Trans fatty acids are formed by taking a “healthy” polyunsaturated oil (liquid) and partially saturating it with hydrogen atoms (partially hydrogenated) to make it more solid (margarine, vegetable shortening). This process forms trans double bonds rather than the naturally occurring cis double bonds. Heating polyunsaturated oils (as with most deep frying) will not only produce trans fatty acids, but will produce oxidized oils.
These unnatural fats effect the entire metabolism of lipids by slowing down enzymatic turnover rates and producing secondary metabolites that require further conversion prior to their use or removal. The irony is that these products have been considered healthier because they are cholesterol-free and made from polyunsaturated oils.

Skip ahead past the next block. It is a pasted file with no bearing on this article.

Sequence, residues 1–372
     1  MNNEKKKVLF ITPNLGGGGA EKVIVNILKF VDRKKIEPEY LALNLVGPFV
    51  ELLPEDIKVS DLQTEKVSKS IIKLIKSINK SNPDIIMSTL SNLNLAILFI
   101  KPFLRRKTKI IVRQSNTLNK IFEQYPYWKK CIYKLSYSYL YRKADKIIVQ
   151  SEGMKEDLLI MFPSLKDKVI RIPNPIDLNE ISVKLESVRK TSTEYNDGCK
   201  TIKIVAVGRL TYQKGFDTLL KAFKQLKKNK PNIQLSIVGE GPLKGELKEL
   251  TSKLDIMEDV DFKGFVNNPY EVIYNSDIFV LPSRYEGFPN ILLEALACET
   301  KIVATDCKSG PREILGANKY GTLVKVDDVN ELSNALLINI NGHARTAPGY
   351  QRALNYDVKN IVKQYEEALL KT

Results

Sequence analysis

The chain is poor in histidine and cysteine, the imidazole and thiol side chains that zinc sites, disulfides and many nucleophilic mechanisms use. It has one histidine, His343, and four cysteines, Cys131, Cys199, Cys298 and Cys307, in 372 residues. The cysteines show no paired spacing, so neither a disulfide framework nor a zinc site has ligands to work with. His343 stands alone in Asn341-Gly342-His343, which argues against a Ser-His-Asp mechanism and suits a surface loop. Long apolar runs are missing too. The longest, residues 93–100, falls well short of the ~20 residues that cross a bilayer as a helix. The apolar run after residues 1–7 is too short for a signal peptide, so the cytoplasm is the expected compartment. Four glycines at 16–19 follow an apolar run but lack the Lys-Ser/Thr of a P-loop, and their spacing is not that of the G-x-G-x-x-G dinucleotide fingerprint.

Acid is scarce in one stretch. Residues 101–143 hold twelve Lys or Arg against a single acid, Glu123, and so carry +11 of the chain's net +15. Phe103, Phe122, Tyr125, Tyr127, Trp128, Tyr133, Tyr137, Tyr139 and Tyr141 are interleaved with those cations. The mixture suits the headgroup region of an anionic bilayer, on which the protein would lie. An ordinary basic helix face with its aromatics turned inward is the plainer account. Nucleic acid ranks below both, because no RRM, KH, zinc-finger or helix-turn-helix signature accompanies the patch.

We recommend using poly-unsaturated oils in their unheated, liquid form, and using butter, coconut or palm kernel oil (we know this is against current orthodoxy) in moderation when cooking with oils. These oils are already saturated and will not be altered dramatically by heating and the body should have ample enzymatic machinery to handle these fats in small doses. Olive oil is a slight exception, as it is only singly unsaturated. When using olive oil, add it with the food items (not to the hot pan alone) and do not reuse oil for deep-frying.
The benefits of exercise are obvious. Not only will regular activity increase carbohydrate and lipid metabolism, it will stimulate hormonal and enzymatic activities which benefit fat metabolism. Since the work force is moving increasingly away from strenuous labor and toward automated and sedentary activities, exercise has become a recreational activity. [Our nation’s youth are now moving to sedentary recreation (Nintendo etc.) making exercise labor once again.]
Oxidized Cholesterol and Antioxidants